Steven Seagal’s “On Deadly Ground” is really sad, when you think about it

Dec 24, 2020 | Matthewrozsa

I’ve written before that Steven Seagal the action film icon is quite different from Steven Seagal the real-life man. The actual Seagal has been accused of sexual misconduct and of being egomaniacal. He has, without question, cozied up with tyrants like Russian dictator Vladimir Putin and American President Donald Trump. Even his reputation as a bona fide badass is questionable at best; the young Seagal was one of the most talented martial artists in mainstream cinema, but he has spent the last two decades gaining weight and having stunt doubles perform most of the action scenes in his movies. Considering that Seagal is a terrible actor, and his athleticism was his main draw at the peak of his career, this makes you wonder why anyone should bother seeing one of his later films in the first place.

Yet there is something appealing about the Seagal mythos. Any decent person should loath the man he actually is, but the men he plays in his movies represent what any hero in our world ought to be. A standard Seagal character, as a mononymous author named Vern wrote in “Seagalology,” is the best at everything he does but remains humble. He appreciates and learns from other cultures, humiliates bullies by giving them a taste of their own medicine, stands up to more ominous authority figures even when they represent supposedly untouchable institutions (the US government, large corporations) and — most important of all for this film — recognizes that one of the great causes of our time is protecting the environment.

This brings me to Seagal’s 1994 movie “On Deadly Ground.” From a career standpoint, this was a disaster for Seagal, a film that single-handedly knocked him off the Hollywood A-list and relegated him to the cheap theatrical and straight-to-DVD releases he is notorious for today. Yet from an artistic standpoint… Well, it’s a very interesting movie.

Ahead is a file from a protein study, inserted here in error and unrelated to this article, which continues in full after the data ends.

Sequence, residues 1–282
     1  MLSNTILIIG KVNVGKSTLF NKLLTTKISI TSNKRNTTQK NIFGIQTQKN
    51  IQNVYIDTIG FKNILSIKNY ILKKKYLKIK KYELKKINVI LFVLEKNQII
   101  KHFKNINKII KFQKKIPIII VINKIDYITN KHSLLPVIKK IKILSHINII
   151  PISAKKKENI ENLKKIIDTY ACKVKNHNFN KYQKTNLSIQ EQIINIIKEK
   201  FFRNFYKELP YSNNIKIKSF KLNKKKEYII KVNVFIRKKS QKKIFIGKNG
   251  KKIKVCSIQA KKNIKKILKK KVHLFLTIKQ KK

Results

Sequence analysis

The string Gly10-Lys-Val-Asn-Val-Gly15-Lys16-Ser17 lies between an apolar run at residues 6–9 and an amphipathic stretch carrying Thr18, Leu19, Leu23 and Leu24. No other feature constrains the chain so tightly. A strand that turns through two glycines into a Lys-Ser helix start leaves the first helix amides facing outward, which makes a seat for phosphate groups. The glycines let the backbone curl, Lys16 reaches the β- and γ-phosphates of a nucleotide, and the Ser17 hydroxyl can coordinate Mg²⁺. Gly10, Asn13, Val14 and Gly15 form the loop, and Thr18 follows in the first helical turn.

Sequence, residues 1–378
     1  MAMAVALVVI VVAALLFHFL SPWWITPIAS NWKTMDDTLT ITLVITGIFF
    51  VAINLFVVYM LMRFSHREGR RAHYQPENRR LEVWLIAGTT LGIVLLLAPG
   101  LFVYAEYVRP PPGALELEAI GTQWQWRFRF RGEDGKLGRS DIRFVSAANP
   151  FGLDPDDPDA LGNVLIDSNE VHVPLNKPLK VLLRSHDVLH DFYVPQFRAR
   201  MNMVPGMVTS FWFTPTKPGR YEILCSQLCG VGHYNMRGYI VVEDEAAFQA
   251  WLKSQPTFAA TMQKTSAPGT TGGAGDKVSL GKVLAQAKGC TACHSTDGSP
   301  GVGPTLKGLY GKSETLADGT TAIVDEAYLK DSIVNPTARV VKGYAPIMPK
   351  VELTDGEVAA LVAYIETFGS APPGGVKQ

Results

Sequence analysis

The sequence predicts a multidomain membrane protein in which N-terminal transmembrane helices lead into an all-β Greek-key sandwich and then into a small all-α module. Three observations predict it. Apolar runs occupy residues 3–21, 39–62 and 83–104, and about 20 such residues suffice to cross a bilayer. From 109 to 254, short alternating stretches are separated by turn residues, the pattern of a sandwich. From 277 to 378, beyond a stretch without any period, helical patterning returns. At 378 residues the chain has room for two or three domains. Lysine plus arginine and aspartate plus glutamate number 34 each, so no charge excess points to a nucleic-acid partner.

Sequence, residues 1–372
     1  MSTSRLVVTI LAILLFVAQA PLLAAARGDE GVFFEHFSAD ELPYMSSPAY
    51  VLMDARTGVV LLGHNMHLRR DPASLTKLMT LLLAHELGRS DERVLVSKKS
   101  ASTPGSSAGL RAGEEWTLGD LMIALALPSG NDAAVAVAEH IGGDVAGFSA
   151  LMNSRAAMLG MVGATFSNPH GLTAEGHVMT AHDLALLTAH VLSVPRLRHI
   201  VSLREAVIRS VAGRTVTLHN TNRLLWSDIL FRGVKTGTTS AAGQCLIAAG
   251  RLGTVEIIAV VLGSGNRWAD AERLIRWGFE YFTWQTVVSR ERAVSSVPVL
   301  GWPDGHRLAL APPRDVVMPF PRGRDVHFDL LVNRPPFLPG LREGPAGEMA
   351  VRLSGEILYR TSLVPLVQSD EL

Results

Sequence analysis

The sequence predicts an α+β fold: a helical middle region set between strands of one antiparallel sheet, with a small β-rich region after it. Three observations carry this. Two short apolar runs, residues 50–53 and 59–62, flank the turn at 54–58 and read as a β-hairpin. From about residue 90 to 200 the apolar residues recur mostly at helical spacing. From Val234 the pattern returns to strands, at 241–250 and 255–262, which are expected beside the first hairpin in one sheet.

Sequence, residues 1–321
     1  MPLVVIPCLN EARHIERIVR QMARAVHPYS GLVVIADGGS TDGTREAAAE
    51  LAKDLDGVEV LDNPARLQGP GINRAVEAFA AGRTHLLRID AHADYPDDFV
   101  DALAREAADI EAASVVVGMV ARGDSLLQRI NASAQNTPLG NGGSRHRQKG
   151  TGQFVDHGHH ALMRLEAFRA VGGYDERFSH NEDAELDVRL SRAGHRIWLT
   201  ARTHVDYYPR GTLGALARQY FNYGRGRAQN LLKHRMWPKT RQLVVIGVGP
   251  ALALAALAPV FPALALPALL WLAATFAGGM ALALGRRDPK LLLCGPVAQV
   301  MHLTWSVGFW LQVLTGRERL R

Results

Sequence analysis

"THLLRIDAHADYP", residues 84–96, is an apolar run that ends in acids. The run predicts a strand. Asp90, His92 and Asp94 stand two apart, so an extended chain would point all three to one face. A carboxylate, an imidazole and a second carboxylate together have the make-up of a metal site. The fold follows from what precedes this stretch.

Not good, mind you. But genuinely interesting.

First, a word about the action scenes. Like all Seagal movies from the late 1980s and early 1990s, “On Deadly Ground” is exceptional when it comes to meeting the requirements of its genre. Seagal’s impeccable martial arts skills are thrilling to watch, the pyrotechnics make things blow up real nice and the Alaskan scenery where the story is set is shot in a way that duly emphasizes its breathtaking grandeur. These details are made all the more impressive by the fact that Seagal directed this movie himself. Say what you will about the man’s acting, but at least on this occasion, he was a competent director.

“On Deadly Ground” is distinguished not by its quality action scenes, though, but by its message. It tells the story of a fixer named Forrest Taft (Seagal) who discovers that a corrupt oil company is destroying the environment in order to exploit the land rightfully owned by indigenous Alaskans. This was a passion project for Seagal, one that he insisted on making as a prerequisite to starring in the vehicles studios wanted for him, and it shows. The man had something he wanted to say to the world… and what he wanted to say was not only right, but remarkably ahead of its time.